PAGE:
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Why do salmonid antipredator responses weaken in hatchery rearing?

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The Arctic charr of Lake Saimaa are the most endangered fish population in Finland, and reintroduction programs have been unsuccessful. Low success of reintroduction programs has drawn attention to behavioural properties of hatcheryreared fish. Mortality due to predation often is a principal cause of failure. Antipredator behaviour may degenerate rapidly under hatchery conditions due to (i) reduced genetic variation in antipredator behaviour and/or (ii) selection that would favour bold and fast growing individuals and disfavour predator awareness supposedly associated with slow growth. To test the relative importance of these two factors we first analysed the amount of variation in innate antipredator responses between and within families of hatchery‐bred Arctic charr of the Lake Saimaa stock. We then tested whether fast growing individuals would show reduced responses to chemical cues from their natural predators compared to their slow growing counterparts. Based on the results we propose procedures for maintaining and improving antipredator skills of hatchery‐reared salmonids.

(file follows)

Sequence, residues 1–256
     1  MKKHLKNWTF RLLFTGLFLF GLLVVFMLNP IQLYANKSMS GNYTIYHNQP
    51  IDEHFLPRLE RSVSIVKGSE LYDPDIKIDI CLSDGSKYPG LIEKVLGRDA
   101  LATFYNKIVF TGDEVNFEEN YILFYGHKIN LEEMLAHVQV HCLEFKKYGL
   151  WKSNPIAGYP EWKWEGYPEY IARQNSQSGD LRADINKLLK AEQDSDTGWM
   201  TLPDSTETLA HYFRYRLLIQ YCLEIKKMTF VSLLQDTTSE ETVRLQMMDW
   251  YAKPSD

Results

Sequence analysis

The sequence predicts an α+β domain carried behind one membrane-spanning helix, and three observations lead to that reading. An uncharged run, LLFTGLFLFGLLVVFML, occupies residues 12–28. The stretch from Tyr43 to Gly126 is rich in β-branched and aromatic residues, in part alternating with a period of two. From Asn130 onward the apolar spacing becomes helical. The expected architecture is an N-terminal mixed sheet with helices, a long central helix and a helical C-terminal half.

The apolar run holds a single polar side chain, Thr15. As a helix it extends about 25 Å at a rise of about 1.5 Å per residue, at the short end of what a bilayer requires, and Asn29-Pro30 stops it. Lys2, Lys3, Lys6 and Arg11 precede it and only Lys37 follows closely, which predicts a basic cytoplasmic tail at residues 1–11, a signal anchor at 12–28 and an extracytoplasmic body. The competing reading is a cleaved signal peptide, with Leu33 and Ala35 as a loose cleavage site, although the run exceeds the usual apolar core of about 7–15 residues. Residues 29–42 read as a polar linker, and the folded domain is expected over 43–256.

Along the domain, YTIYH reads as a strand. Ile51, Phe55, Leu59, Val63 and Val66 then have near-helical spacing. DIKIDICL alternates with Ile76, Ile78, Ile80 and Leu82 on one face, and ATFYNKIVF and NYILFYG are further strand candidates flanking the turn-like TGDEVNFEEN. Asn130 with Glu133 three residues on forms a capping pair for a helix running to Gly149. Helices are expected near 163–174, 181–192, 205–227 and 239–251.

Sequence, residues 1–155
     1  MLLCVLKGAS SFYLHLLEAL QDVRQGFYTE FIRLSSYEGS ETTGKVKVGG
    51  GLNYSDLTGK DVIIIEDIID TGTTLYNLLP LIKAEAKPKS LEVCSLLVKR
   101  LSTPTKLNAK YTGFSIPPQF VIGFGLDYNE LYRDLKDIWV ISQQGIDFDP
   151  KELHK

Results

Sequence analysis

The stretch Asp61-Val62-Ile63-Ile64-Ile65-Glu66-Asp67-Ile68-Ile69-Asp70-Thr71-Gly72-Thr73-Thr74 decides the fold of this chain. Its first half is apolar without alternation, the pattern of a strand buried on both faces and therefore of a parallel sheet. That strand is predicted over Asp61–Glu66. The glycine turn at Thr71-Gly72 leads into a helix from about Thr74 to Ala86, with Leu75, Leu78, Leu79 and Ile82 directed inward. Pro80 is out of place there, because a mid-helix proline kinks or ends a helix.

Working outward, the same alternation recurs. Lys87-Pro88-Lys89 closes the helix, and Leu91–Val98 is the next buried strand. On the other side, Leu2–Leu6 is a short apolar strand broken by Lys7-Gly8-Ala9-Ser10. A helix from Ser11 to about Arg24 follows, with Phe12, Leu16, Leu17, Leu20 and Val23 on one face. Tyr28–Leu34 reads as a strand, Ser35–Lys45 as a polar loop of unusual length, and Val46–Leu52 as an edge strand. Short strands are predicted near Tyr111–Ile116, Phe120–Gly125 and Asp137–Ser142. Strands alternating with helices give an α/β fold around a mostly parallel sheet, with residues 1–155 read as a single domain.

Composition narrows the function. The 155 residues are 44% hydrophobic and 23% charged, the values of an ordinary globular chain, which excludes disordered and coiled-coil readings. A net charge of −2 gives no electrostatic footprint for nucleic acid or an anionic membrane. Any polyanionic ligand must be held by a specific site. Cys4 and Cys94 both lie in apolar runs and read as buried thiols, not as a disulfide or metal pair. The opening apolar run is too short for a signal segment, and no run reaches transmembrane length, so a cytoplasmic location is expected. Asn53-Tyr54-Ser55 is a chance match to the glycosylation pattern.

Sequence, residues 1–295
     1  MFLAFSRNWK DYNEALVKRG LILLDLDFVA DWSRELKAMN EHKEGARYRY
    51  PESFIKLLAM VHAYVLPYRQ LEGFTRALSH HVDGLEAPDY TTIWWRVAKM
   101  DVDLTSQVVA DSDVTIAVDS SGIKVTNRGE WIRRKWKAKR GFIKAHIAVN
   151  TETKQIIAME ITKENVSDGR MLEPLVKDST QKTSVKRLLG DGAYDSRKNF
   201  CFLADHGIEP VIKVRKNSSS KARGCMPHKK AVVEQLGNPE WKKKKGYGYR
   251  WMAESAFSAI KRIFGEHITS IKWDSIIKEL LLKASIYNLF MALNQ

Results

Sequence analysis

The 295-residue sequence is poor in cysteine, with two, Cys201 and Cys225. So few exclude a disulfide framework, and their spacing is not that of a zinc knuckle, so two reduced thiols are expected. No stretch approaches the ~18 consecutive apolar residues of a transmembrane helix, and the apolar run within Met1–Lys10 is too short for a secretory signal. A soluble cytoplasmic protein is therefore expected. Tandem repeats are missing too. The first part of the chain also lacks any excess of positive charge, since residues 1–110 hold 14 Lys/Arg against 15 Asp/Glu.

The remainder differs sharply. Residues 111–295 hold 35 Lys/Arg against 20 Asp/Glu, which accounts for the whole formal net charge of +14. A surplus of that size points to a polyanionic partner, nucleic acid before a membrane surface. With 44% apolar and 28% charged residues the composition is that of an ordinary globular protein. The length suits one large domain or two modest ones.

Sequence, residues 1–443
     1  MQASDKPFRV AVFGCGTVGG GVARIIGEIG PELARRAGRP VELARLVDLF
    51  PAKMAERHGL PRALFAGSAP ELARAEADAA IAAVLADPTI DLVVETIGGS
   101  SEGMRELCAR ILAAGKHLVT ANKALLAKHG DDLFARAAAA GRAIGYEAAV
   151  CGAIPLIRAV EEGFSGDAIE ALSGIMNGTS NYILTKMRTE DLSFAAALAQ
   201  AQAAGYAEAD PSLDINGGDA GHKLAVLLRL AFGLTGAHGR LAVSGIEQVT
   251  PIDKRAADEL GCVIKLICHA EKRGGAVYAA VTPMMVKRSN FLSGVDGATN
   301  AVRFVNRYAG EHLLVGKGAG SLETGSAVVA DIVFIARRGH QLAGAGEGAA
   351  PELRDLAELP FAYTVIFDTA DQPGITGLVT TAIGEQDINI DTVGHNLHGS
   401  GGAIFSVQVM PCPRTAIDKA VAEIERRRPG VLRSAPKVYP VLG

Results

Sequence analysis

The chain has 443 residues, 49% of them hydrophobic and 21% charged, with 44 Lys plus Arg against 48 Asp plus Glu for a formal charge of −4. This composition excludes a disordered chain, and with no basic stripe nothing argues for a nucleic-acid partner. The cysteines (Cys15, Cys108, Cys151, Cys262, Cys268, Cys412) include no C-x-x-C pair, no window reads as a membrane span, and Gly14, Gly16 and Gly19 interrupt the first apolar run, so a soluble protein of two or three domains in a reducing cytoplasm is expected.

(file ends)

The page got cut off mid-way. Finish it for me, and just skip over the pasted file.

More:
Document Type: Research Article


Affiliations: Integrative Ecology Unit, Department of Biological and Environmental Sciences, University of Helsinki, P. O. Box 65, FI-00014 Helsinki, Finland

Publication date: December 1, 2004

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